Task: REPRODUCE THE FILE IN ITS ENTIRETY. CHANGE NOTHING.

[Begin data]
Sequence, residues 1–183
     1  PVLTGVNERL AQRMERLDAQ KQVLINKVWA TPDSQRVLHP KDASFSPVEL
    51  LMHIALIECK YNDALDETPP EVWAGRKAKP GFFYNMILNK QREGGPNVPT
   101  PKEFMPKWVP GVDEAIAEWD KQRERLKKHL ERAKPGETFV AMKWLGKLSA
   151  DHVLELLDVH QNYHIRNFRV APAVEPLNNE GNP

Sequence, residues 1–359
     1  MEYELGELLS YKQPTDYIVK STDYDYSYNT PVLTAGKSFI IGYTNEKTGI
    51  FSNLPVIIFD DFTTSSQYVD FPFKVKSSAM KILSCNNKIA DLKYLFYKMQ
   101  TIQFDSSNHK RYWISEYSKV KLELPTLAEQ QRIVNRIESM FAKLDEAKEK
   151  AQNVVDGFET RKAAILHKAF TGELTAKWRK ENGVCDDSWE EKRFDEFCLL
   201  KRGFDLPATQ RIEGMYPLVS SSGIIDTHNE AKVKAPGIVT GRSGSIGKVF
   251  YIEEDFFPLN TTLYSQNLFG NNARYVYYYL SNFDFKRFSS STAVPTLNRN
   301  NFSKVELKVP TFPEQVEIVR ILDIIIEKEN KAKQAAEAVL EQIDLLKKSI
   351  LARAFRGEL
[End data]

Sequence, residues 1–183
     1  PVLTGVNERL AQRMERLDAQ KQVLINKVWA TPDSQRVLHP KDASFSPVEL
    51  LMHIALIECK YNDALDETPP EVWAGRKAKP GFFYNMILNK QREGGPNVPT
   101  PKEFMPKWVP GVDEAIAEWD KQRERLKKHL ERAKPGETFV AMKWLGKLSA
   151  DHVLELLDVH QNYHIRNFRV APAVEPLNNE GNP

Sequence, residues 1–359
     1  MEYELGELLS YKQPTDYIVK STDYDYSYNT PVLTAGKSFI IGYTNEKTGI
    51  FSNLPVIIFD DFTTSSQYVD FPFKVKSSAM KILSCNNKIA DLKYLFYKMQ
   101  TIQFDSSNHK RYWISEYSKV KLELPTLAEQ QRIVNRIESM FAKLDEAKEK
   151  AQNVVDGFET RKAAILHKAF TGELTAKWRK ENGVCDDSWE EKRFDEFCLL
   201  KRGFDLPATQ RIEGMYPLVS SSGIIDTHNE AKVKAPGIVT GRSGSIGKVF
   251  YIEEDFFPLN TTLYSQNLFG NNARYVYYYL SNFDFKRFSS STAVPTLNRN
   301  NFSKVELKVP TFPEQVEIVR ILDIIIEKEN KAKQAAEAVL EQIDLLKKSI
   351  LARAFRGEL